Honors Seminar in Cryptography, University of Illinois at Chicago. A number of papers on cryptography, Enigma, etc.
3-Rotor Enigma Encipherment Example, with rotor wiring and turnover notch locations identified.
World War II Resources, primary source materials on the Web, with links to sites covering many aspects of WWII, including Pearl Harbor.
ENIGMA97, a nice and compact Enigma simulator (including "double stepping") for windows. Kriegsmarine M4 simulator version to be posted soon.
" Enigma and the Turing Bombe", by Nik Shaylor. A lucid explanation of how the Turing Bomb and diagonal board operated. A simulator is available as an aplet, or as "C" source code.
Frode Weierud's Cryptology site, including links to Enigma, bombe, Tunny simulators, plus "Fish" and how the Swedes broke Geheimschreiber.
Virtual Enigma Aplet, with an explanation, history and links.
"The Enigma Cipher Machine, History of Solving", by Dr. Wladyslaw Kozaczuk. Unlike most sources cited here, which are written from the British point of view, it is refreshing to hear the Polish version.
Enigma links and photos (captioned, so you can download a particular view).
Paul Reuver's site, has a fully operational Enigma simulator written in RISC, including realistic graphics, sound, and simulations of all known models.
Savard's site with Enigma links, cryptology through the ages,
"Mèthode des Batons", Zygalski Sheets, Bombe, SIGABA, and more. Some material
not included on that site can be found at his
Cryptring, a "ring" which various cryptological sites may join.
Secret Code Breaker: A Cryptanalysts Handbook by Robert Reynard, a two volume set of books for the beginner, including computer programs on disk. Also available is a secret message kit. Makes an excellent child's gift. Order from the publisher.
Many thanks to Mike McDonald for pointing out some of these fine sites.
Sekret Enigmy (The Enigma Secret), directed by Roman Wionczek, 1979,
158 mins., color, Polish, with English subtitles. (Marian Rejewski was a
consultant on this motion picture, which displays the perforated sheets used
to determine the keys. This movie does more than tell the story of Enigma
and the Polish codebreakers, however. It is a poignant, thrilling and, at
times, frightening story of escape one step ahead of the Germans, detailing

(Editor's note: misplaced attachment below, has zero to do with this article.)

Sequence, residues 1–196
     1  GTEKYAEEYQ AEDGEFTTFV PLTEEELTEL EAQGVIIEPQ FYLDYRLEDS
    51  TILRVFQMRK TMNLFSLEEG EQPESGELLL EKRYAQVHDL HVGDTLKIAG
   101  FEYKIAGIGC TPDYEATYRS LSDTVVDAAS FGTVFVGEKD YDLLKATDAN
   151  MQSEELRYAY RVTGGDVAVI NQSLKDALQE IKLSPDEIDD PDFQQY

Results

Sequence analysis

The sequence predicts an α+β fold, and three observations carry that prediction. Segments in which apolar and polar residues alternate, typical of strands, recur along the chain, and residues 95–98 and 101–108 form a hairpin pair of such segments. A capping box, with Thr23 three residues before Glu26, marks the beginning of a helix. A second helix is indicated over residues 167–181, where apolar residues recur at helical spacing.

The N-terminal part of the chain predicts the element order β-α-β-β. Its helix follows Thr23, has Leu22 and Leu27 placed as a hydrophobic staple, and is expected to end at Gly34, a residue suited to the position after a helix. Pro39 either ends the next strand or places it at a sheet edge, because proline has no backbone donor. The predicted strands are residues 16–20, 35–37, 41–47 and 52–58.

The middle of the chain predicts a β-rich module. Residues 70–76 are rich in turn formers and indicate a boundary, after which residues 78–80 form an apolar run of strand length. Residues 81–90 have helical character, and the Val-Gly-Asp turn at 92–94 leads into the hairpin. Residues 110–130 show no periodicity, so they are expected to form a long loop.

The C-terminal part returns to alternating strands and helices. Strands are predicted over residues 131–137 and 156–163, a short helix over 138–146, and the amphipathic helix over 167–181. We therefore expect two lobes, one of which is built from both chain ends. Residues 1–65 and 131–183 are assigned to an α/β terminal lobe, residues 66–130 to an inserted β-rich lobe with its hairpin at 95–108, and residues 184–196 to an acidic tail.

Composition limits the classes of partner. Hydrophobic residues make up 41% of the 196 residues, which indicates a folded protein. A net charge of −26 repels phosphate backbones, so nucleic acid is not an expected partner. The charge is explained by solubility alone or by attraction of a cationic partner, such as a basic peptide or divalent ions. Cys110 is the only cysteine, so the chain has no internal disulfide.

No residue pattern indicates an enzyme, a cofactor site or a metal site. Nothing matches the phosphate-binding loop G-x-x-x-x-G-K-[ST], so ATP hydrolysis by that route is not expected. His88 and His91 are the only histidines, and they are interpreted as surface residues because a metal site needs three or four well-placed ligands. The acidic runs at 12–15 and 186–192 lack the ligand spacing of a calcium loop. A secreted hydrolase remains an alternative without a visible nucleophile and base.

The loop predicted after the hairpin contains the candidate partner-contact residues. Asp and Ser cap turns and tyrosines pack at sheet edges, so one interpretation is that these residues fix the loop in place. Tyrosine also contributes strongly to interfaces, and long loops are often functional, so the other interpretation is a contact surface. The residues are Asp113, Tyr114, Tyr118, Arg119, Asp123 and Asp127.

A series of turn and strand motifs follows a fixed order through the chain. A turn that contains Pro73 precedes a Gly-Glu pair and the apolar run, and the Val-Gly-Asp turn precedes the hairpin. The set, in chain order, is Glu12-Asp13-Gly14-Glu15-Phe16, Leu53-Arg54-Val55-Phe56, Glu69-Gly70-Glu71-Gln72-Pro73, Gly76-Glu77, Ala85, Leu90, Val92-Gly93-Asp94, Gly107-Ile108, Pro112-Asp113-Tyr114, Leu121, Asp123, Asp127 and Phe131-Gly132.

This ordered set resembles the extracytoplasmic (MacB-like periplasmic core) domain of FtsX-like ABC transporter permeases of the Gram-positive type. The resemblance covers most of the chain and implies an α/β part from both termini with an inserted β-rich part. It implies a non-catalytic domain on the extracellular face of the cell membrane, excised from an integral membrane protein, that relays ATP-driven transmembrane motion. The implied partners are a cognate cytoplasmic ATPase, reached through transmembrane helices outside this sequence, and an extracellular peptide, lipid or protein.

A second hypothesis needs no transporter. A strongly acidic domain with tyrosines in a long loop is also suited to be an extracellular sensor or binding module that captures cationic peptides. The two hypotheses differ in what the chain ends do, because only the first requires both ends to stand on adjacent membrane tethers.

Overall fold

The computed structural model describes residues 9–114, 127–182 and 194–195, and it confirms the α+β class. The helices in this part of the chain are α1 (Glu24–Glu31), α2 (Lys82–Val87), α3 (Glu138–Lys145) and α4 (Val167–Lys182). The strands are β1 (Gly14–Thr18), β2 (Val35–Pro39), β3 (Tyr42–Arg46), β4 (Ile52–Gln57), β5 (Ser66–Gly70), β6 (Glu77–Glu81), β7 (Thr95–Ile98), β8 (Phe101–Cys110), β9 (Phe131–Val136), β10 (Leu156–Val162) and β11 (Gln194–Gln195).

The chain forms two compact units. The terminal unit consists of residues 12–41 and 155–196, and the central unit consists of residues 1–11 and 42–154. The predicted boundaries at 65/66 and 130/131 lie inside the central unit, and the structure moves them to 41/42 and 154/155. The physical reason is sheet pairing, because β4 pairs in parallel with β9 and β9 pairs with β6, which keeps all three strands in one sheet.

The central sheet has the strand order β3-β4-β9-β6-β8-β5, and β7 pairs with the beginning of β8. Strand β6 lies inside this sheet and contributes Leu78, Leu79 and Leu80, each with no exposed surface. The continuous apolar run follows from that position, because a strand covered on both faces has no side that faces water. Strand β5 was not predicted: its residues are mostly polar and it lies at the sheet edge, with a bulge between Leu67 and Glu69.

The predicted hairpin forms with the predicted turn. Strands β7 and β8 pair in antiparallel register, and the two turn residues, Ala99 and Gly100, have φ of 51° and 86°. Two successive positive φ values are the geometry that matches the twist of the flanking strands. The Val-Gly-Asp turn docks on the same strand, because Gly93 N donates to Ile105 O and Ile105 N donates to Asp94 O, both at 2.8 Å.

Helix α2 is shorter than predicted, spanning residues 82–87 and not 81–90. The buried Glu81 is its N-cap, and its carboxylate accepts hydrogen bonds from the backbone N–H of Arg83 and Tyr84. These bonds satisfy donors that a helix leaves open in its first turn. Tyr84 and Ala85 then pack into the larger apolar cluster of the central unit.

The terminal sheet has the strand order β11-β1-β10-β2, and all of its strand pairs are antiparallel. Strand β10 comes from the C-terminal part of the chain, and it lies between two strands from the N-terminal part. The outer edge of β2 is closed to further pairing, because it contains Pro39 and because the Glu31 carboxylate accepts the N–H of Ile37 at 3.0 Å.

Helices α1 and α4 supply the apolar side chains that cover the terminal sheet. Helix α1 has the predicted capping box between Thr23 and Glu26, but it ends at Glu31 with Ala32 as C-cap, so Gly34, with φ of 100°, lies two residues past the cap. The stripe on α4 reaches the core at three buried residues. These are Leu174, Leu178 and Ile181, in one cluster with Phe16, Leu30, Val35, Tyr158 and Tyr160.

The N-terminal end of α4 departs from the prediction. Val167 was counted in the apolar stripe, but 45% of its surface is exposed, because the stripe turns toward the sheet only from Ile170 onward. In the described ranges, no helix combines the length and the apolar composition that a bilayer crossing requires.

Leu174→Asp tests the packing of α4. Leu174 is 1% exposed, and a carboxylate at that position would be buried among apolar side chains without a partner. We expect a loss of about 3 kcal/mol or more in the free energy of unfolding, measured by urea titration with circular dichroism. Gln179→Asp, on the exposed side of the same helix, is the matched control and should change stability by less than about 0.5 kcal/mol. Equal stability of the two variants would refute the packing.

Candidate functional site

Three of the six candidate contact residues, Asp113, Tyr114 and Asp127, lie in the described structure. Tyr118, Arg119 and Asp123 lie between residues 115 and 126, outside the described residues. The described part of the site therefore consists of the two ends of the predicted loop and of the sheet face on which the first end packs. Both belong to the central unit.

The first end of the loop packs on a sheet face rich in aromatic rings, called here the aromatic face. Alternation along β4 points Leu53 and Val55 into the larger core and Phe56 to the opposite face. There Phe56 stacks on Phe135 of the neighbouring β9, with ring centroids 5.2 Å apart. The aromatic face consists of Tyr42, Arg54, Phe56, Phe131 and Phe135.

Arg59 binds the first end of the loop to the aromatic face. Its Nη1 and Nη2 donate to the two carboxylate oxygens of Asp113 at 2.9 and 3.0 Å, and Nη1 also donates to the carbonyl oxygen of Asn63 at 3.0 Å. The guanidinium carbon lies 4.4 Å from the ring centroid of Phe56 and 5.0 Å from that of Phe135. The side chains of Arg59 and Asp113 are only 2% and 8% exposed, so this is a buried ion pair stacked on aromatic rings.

the confusion and panic of an evacuation. Since the dialog is in Polish,
an English-speaking viewer can tell Americans, British, Germans and Poles apart
by paying careful attention to their uniforms. There is one puzzling sequence
that shows an Enigma lampboard lighting up without the keys being pressed;
somehow it must have made it past the technical consultants. Highly recommended.)
In England may be ordered over the Web from
Codebreakers, Nova Television Series. (If a picture tells a thousand words, a motion picture must tell tens of thousands. Cartoons trace electrical current flowing from the keyboard through the rotating scrambler, to emerge at the lampboard. Interviews with David Kahn and others. This one-hour program explores codebreaking from World War I and the Zimmerman telegram, through the end of World War II. The main emphasis is on the Japanese "Purple" code including William Friedman's construction of the machine which broke the code. How codebreaking shortened the war in both Atlantic and Pacific is explored. Highly recommended. The program airs on PBS from time to time, and is available from WGBH, 125 Western Ave., Boston MA 02134 (800) 255-9424 for $39.95 plus $3.95 shipping and handling.)
The Secret War, BBC Television Series. (Six episodes, two to a tape: "The Battle of the Beams" & "To See for a Hundred Miles"; "Terror Weapons" & "If ..."; "The Deadly Waves" & "Still Secret." (The last installment explores Enigma, but most of the segment is taken up by the painstaking dismantling of a magnetic mine. A less satisfying and somewhat unclear exposition of Enigma than "Codebreakers," partly because less time was devoted to it. Interviews with Gordon Welchman, Frederick Winterbotham and Prof. R. V. Jones. Brief coverage of "Fish," "Heath Robinson," and "Colossus".)
Aaseng, Nathan, Navajo Code Talkers, Walker, New York, 1992. (An overview of the Pacific campaign and the contribution to it by Navajo code talkers.)
Bacque, James, Other Losses, Prima Publishing, 1991. (Controversial account of maltreatment of German POW in American and French camps at the conclusion of World War II, which caused 1,000,000 or more deaths.)
Baldwin, Ralph B., The Deadly Fuze, Presidio Press, San Rafael, California, 1980. (An account of how the deadly proximity fuze was developed and manufactured by the Allies in WWII.)
Barak, Michael, (aka Michael Bar-Zohar), The Enigma, William Morrow, New York, 1978. (A fictional spy story, with references to Enigma. A strange mixture of truth and fantasy.)
Barnett, Correlli, Engage the Enemy More Closely, W. W. Norton, New York, 1991. (A comprehensive history of the Royal Navy in World War II. 1052 pages.)